October 1, 2008

WASHINGTON (Oct. 1)—After a year of struggle and sometimes intense parliamentary maneuvering, the U.S. Senate passed a far-reaching package of railroad-safety legislation that includes prohibiting rail carriers from delaying, denying or interfering with the medical treatment of injured employees.

In an especially satisfying victory for UTU members in Illinois, H.R. 2095 used the language drafted by the UTU Illinois Legislative Board and passed by the Illinois General Assembly as the Railroad Employees Medical Treatment Act of 2005 before a court overturned it in January 2007.

After the rail carriers filed suit against the State of Illinois and a U.S. District Court decision overturning the Illinois Act, the UTU Illinois Legislative Board took its campaign to the federal level. UTU Illinois Legislative Director Joseph C. Szabo reached out to U.S. Rep. Jerry Costello (D-Belleville) to have the language of the Illinois bill included in a new federal railroad-safety bill being drafted by U.S. Rep. James Oberstar (D-Minn.).

As a Senate companion bill was being drafted by Sen. Lautenberg (D-NJ), Szabo asked U.S. Sen. Richard J. Durbin to insert similar language.

“We really owe a debt of gratitude to Congressman Costello and Senator Durbin,” Szabo said. “Because the state could not act on the issue of carrier interference with injured employees’ medical treatment, we literally had to make a federal case out of it. Now every railroad employee in the nation will have the same right to prompt medical treatment that we originally sought for our own people in Illinois.

“Our members made this happen with their phone outreach to the Illinois Legislature back in 2005,” he said. “It’s a fine example of labor-union activism and shows how the process works. Had we not passed our bill in Illinois and the carriers moved to overturn our law, rail workers nationwide wouldn’t have this protection today.”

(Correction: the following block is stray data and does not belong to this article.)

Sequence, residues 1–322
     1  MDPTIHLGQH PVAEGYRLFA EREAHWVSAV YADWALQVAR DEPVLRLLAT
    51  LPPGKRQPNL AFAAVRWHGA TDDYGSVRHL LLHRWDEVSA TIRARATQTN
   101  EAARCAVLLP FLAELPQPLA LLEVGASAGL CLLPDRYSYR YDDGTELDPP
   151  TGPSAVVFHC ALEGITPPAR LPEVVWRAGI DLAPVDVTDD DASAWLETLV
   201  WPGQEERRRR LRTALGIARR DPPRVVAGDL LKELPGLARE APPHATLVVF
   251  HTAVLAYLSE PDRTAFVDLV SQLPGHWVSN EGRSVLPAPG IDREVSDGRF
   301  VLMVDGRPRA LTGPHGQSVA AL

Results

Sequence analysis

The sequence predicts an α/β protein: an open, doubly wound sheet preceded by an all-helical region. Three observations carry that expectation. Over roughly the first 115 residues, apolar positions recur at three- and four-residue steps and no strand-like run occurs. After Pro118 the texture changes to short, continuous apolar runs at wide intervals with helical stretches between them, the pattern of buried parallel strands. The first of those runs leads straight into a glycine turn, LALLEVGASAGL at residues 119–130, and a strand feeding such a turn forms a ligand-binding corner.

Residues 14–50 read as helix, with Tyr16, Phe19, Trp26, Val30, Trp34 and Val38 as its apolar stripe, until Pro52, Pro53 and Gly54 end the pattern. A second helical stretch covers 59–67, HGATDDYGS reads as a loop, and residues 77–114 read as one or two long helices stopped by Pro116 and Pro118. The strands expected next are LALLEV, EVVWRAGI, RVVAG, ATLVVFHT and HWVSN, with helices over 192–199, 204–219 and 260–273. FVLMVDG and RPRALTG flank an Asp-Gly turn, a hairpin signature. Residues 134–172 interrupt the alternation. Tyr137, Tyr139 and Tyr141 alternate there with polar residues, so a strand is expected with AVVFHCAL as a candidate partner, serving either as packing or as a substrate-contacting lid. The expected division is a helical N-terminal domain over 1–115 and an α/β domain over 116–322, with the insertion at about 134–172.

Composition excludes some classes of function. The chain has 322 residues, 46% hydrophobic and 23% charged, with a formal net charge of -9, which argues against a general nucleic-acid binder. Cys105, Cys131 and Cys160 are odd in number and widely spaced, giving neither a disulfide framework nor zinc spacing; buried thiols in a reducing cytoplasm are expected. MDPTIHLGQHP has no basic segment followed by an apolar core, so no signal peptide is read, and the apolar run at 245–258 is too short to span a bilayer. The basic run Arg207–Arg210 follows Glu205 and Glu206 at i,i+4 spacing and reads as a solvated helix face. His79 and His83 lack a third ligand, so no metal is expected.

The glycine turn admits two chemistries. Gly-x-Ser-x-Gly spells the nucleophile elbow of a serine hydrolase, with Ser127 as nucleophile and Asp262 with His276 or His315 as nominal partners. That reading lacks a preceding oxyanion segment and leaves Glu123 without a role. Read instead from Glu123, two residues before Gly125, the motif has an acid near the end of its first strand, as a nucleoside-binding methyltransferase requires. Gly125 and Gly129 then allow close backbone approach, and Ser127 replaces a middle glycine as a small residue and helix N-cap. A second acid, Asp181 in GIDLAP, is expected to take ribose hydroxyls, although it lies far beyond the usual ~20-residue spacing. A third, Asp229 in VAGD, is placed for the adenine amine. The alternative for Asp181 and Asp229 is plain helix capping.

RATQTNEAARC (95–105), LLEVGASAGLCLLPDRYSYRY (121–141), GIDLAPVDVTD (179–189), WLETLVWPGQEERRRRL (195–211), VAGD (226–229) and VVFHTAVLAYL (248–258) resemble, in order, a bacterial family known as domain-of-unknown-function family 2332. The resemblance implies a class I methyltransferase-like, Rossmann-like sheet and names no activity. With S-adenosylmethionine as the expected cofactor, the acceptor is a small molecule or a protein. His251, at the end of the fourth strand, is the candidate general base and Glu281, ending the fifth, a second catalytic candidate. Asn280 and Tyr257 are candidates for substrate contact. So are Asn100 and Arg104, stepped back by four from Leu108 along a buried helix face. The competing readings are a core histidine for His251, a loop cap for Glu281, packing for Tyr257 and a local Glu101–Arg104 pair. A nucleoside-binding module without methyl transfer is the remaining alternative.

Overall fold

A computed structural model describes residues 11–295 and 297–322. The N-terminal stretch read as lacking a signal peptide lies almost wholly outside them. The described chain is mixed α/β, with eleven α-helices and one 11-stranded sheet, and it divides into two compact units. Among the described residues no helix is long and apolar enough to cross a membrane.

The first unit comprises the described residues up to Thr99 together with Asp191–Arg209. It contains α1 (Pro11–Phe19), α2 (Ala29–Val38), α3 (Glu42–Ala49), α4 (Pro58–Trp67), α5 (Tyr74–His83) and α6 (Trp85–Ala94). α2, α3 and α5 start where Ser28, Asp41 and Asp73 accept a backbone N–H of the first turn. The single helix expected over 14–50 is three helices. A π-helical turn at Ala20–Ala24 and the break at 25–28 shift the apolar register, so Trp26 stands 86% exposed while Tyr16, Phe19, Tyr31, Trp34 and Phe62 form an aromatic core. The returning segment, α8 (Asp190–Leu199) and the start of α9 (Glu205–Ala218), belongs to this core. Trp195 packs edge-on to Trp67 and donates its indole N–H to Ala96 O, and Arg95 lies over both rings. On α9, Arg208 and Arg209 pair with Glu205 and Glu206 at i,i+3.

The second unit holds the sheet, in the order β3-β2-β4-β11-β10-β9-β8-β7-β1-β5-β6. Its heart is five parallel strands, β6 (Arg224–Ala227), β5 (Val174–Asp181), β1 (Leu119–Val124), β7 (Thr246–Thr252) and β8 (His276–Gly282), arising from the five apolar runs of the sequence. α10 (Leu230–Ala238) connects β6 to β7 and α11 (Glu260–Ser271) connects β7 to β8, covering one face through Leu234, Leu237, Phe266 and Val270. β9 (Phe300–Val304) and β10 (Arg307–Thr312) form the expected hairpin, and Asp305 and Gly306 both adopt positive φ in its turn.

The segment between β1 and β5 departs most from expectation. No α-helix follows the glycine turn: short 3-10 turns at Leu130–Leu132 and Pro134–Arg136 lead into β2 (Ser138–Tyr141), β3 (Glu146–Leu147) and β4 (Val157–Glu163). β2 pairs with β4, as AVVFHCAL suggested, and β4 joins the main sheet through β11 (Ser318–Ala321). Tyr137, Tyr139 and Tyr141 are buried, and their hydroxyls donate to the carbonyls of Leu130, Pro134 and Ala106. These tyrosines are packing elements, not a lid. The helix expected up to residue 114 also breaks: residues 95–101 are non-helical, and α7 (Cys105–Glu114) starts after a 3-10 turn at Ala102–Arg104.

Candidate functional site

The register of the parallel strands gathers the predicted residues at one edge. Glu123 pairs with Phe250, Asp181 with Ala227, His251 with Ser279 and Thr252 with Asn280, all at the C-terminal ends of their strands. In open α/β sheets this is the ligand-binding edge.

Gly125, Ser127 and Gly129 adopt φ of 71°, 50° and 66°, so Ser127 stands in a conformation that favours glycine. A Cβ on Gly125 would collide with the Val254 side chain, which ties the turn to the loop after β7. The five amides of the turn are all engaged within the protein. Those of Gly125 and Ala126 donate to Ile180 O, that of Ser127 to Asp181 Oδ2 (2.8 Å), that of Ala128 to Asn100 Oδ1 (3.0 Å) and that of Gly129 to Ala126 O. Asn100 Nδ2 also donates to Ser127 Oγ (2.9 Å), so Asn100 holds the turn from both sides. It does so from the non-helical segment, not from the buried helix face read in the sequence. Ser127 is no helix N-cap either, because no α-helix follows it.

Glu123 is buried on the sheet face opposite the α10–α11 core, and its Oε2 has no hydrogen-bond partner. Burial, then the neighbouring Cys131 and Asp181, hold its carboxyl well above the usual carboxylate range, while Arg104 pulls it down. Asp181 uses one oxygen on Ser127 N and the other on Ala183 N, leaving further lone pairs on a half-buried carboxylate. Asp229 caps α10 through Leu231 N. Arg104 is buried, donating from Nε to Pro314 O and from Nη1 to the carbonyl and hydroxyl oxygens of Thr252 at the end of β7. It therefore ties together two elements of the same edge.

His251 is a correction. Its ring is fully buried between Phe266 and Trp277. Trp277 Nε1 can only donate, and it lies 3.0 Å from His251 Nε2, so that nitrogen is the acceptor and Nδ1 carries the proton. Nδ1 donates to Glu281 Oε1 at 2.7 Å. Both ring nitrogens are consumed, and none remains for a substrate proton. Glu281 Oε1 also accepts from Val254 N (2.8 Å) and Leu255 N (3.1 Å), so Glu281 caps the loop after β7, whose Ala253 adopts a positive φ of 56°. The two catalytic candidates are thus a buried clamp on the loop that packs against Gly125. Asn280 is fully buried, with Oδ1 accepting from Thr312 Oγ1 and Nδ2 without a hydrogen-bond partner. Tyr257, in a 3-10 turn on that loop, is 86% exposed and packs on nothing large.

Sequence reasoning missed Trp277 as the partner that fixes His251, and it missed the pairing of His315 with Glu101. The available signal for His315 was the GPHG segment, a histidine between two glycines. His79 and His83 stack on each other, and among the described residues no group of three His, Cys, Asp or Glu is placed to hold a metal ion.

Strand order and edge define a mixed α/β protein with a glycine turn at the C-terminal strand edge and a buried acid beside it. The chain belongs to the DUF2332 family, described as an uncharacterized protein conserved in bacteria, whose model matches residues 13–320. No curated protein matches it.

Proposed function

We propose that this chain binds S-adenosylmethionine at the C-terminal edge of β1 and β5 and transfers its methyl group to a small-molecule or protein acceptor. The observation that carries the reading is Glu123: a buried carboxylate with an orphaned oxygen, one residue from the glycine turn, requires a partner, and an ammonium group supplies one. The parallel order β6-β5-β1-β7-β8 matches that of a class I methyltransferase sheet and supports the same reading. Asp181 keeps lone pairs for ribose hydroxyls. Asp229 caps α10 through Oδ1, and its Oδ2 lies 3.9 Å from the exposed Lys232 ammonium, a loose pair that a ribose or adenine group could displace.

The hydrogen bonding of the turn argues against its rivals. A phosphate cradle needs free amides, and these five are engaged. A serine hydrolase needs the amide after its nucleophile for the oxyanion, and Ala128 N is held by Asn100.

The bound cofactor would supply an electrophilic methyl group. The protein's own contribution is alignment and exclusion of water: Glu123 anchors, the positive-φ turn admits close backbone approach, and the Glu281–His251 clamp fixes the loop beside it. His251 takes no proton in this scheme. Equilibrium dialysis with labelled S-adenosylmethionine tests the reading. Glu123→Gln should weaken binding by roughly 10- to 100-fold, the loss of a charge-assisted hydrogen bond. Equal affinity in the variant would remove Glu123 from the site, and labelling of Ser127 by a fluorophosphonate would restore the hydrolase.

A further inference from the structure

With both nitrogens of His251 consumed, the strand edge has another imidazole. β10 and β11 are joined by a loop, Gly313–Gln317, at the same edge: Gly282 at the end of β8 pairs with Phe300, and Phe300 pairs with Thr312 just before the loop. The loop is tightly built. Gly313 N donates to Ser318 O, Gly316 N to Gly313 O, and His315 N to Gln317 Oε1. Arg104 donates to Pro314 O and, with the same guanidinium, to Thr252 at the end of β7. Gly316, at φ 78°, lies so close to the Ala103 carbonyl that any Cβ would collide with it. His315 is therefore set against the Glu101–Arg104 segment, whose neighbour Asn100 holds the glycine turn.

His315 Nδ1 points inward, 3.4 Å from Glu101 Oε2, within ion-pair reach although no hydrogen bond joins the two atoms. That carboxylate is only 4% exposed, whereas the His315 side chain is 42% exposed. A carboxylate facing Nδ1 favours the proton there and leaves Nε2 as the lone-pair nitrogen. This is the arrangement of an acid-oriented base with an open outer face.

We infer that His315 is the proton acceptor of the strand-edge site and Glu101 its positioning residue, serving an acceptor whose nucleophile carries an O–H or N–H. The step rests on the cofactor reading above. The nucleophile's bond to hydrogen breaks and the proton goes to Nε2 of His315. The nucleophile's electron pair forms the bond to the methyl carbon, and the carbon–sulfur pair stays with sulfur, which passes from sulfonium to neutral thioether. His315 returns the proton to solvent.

H.R. 2095, which combined the Federal Rail Safety Bill with Amtrak Reauthorization, passed the Senate by a vote of 74-24, enough to overcome a presidential veto. The measure earlier passed the House, also by a veto-proof majority. Early indications are that the president will sign the bill. The administration is known to oppose several of the measure’s provisions, especially an increased budget for Amtrak.

H.R. 2095 also creates the first federal/state matching fund for rail improvements, allowing states to partner with the federal government in financing rail infrastructure just as they do in building highways and airports.

“After eight years we’ve finally passed the reauthorization of Amtrak,” declared a jubilant U.S. Sen. Durbin. “This bill makes a dramatic investment in Amtrak’s future.”

Illinois’ junior U.S. senator, Barack Obama, joined Durbin in voting for the bill. Obama’s opponent in the presidential race, Sen. John McCain (R-Ariz.), voted against it, an act which Szabo said “tells us a lot about how the UTU arrives at its political endorsements.”

Szabo hailed the passage of H.R. 2095 as a “huge win for the nation, for the state of Illinois and for the UTU and particularly praised Sen. Durbin for its passage.

“While HR 2095 easily passed the House, it was really held up in the Senate,” he said. The staff of Senator Durbin was very influential in navigating it through the parliamentary maneuvers and ensuring our Medical Treatment language was in there. Sen. Durbin also ensured our State Amtrak service benefited.

“Amtrak will have the money to begin expanding its fleet so it can carry the millions of additional travelers who have been switching to rail,” Szabo said. “The state of Illinois will qualify for about $75 million in additional capital funds it can use to build track and signals to handle the additional passenger-train traffic on schedule. Both of those breakthroughs mean more railroad jobs.

“While I’m pleased with the many benefits for rail workers nationwide, I’m particularly thrilled with Illinois’ role,” Szabo said. “Our membership involvement, our Illinois General Assembly and our Illinois congressional leaders all were instrumental in making this victory a reality.”